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Am J Med. 2005 Mar;118(3):301-6.

Physical symptoms as a predictor of health care use and mortality among older adults.

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Division of General Internal Medicine and Geriatrics, Indiana University School of Medicine, Indianapolis, USA.



To describe the patterns of physical symptoms in older adults and to examine the validity of symptoms in predicting hospitalization and mortality.


Adults aged 60 years and older (N=3498) who completed screening for self-reported symptoms at routine primary care visits. Self-reported symptoms were collected using an abbreviated PRIME-MD screening instrument. Clinical characteristics, hospitalization, and mortality in the year following screening were measured using data taken from a comprehensive electronic medical record.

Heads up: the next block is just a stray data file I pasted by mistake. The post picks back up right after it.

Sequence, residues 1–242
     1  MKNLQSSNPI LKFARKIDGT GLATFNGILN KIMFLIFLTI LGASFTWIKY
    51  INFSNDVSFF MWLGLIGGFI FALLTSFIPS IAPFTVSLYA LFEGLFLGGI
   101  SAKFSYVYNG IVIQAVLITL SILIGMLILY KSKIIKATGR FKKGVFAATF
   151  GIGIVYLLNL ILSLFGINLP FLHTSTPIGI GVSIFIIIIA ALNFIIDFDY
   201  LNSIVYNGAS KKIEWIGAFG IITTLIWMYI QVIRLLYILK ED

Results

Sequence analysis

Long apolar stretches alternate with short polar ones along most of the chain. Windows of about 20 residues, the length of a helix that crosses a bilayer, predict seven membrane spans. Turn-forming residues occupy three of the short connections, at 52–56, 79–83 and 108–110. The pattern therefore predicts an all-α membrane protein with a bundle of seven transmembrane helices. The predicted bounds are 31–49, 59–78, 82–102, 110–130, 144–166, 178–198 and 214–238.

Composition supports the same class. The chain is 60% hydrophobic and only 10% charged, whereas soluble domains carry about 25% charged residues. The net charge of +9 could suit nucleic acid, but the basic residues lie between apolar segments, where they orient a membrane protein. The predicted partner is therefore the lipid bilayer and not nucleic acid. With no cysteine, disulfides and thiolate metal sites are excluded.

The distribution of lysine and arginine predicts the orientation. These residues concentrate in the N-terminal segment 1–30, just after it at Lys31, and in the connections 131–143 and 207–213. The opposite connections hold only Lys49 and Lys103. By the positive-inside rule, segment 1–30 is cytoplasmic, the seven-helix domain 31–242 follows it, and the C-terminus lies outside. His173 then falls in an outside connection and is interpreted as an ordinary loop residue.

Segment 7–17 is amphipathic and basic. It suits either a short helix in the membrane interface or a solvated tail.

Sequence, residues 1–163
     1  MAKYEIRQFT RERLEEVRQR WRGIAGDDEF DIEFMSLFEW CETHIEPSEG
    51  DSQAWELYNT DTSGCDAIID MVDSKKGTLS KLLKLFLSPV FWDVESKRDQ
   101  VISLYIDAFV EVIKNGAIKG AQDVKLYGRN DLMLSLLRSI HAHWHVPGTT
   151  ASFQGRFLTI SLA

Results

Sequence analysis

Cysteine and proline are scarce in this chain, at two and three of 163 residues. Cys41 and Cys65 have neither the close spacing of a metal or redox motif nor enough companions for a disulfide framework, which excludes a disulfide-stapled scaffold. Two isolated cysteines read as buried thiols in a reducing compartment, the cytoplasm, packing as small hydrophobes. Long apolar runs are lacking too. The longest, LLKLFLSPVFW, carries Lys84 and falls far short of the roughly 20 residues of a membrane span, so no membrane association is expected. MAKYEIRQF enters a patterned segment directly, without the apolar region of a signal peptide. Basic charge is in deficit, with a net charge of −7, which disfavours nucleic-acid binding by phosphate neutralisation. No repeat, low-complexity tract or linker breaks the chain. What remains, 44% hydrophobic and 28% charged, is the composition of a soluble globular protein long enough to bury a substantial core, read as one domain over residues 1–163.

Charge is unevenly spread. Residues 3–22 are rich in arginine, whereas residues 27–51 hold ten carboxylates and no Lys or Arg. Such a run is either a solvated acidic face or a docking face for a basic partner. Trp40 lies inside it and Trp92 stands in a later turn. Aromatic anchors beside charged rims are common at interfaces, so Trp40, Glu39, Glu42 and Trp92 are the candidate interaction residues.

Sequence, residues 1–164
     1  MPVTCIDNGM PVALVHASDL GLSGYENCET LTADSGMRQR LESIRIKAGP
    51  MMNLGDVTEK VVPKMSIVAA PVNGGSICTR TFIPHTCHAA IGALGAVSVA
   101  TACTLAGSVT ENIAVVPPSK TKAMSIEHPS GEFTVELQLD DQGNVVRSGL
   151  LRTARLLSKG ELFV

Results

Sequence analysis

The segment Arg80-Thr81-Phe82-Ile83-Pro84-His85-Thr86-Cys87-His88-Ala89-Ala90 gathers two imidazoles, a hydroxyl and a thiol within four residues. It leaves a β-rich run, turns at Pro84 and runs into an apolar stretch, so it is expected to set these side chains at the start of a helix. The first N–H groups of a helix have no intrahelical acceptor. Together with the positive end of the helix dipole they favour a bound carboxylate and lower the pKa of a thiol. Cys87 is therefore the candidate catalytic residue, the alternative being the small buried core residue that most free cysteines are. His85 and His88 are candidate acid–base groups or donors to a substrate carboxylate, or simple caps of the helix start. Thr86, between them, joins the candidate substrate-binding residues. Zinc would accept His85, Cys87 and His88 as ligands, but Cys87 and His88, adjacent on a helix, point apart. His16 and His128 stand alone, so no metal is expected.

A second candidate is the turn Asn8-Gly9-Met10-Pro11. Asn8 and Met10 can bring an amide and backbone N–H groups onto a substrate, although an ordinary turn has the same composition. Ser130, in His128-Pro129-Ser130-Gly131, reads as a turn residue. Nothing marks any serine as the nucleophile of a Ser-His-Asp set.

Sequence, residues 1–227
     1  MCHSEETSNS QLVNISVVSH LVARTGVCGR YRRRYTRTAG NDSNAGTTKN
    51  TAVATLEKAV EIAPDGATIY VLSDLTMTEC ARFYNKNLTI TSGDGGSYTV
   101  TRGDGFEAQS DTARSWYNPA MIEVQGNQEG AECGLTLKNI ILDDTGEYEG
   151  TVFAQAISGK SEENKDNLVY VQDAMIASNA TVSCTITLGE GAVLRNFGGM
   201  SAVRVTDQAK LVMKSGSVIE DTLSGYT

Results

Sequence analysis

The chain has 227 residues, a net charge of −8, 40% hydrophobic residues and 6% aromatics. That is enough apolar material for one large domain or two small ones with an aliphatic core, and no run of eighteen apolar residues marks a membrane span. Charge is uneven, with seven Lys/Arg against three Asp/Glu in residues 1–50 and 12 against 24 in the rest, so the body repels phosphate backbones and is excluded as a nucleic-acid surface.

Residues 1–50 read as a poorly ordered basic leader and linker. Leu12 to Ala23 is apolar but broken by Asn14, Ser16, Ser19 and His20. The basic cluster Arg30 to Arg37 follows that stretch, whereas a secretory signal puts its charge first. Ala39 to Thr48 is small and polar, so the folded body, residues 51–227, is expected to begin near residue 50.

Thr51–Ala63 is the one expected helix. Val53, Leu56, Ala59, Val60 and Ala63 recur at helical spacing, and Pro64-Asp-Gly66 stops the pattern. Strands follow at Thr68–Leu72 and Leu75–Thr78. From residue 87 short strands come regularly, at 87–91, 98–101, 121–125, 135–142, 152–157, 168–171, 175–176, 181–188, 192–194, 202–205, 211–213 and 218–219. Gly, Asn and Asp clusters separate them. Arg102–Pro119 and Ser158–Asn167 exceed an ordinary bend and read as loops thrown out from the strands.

The mean patient age was 69 years, 69% were women, and 56% were African-American. A majority (51%) of respondents characterized their health as fair or poor. The most commonly reported symptoms were musculoskeletal pain (65%), fatigue (55%), back pain (45%), shortness of breath (41%), and difficulty sleeping (38%). A summary score of physical symptoms (range 0-12) was a significant independent predictor of future hospitalization and death even when controlling for clinical characteristics, chronic medical conditions, self-rated health, and affective symptoms. Disease-specific symptoms were more common among patients diagnosed with the specific condition but there was also a substantial background prevalence of these symptoms.


Physical symptoms are highly prevalent in older primary care patients and predict hospitalization and mortality at one year. Future work is needed to determine how to target symptoms as a potential mechanism to reduce health care use and mortality.

[Indexed for MEDLINE]

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